Persecution and “Toleration”: Liberal Theologians

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The liberal theologians, including such notable academic theologians as Hermann Mulert, Martin Rade, Otto Baumgarten, Rudolf Otto, Martin Dibelius, Paul Tillich and Rudolf Bultmann, were a numerically small group of Protestants, which never allowed itself to be infected by national euphoria or impressed by National Socialism and its propaganda.

The National Socialists presented a pointedly anti-liberal position from the outset. Western, liberal traditions of thought that had evolved since the French Revolution were ultimately made accountable for every one of the Weimar Republic’s supposedly undesirable developments – parties, parliamentarianism, the rule of law, human rights, etc.

These political reservations were applied directly to other domains influenced by liberalism. The liberal theologians were therefore fighting an utterly losing battle when the Nazis assumed power. Whereas they had initially continued working in church administration or at universities, making no secret of their thinking, they were for the most later forced into early retirement or ousted from their jobs for other, frequently spurious reasons.

Hermann Mulert (1879–1950), for instance, had worked as a full professor of systematic theology at the University of Kiel since 1920. He was a member of the DDP until its dissolution in 1933. A liberal theologian, he was a member of the Protestantenbund and the Volkskirchenbund. He was unable to muster any sympathy for the Nazi government’s aims. As editor in chief of “Die Christliche Welt” as of 1932, Mulert disseminated liberal ideas against Nazi ideology. Mulert criticized both the abandonment of principles of the rule of law and the Nazis’ anti-Jewish policies. The magazine was discontinued in 1941.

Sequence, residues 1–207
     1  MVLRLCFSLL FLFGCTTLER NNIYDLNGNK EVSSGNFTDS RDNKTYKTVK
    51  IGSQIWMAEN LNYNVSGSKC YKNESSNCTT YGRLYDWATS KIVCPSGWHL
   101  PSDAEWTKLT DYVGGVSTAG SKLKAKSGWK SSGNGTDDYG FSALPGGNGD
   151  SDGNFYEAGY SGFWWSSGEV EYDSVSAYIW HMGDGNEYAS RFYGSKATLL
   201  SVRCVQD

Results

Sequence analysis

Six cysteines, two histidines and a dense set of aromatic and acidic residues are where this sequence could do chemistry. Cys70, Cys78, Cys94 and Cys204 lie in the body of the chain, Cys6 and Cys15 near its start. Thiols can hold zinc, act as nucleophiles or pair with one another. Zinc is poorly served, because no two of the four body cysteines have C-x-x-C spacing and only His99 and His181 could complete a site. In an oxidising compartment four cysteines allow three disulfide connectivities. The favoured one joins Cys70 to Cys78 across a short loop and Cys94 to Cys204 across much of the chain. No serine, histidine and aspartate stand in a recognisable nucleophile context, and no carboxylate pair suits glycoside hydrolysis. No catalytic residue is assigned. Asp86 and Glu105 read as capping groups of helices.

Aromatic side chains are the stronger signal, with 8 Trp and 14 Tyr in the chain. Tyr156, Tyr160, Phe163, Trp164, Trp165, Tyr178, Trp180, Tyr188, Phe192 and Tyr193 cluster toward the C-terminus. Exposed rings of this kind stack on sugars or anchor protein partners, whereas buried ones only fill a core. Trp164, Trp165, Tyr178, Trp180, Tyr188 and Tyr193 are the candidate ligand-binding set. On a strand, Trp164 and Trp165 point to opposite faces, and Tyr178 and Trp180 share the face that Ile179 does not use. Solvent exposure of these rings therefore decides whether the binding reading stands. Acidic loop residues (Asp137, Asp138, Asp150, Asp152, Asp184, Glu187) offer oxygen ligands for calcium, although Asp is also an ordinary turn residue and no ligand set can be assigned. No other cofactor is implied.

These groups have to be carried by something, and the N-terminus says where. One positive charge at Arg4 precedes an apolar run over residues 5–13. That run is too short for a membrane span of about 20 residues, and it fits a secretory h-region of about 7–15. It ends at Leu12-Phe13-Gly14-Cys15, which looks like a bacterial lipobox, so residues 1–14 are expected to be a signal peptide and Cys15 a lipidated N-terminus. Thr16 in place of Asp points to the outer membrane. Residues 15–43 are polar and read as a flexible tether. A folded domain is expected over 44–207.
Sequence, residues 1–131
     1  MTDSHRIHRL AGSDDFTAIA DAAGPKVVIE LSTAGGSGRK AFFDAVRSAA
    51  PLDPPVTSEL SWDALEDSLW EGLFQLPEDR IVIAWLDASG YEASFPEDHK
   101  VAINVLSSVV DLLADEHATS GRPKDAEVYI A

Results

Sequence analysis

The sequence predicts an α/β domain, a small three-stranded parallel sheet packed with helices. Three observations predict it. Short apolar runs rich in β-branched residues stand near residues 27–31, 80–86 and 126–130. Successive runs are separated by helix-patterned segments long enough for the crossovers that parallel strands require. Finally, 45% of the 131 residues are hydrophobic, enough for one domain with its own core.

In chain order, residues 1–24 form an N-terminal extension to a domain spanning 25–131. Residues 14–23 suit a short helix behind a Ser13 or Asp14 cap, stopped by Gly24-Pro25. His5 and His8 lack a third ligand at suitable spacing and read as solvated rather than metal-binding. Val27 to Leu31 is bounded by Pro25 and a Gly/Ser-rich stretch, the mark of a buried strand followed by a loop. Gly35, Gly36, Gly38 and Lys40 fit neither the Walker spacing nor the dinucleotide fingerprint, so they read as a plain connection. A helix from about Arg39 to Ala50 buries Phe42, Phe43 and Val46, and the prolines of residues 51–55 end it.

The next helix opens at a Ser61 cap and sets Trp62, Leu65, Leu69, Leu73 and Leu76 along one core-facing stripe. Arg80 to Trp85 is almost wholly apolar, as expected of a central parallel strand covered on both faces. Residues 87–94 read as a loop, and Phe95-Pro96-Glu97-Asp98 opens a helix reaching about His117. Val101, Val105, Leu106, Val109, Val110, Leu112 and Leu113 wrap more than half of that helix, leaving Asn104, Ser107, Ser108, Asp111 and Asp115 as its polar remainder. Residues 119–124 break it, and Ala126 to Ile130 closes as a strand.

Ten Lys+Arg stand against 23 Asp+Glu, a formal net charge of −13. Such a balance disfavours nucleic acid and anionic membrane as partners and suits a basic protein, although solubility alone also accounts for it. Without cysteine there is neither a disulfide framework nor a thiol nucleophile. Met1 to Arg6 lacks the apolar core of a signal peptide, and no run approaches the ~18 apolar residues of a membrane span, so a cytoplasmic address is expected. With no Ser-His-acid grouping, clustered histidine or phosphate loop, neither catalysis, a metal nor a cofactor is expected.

Mulert was dismissed from his job as a university professor in 1935. In anticipation of his pending removal from his post by the National Socialists, he submitted the request for dismissal himself in 1935. Mulert supported opponents of National Socialism financially. When the war broke out, he returned to his hometown of Niederboritzsch in Saxony where he administered the neighboring town’s parish, which was vacant because of the war. The liberal theologians remained a nonconformist element in Nazi state, even though their potential influence waned as time passed.

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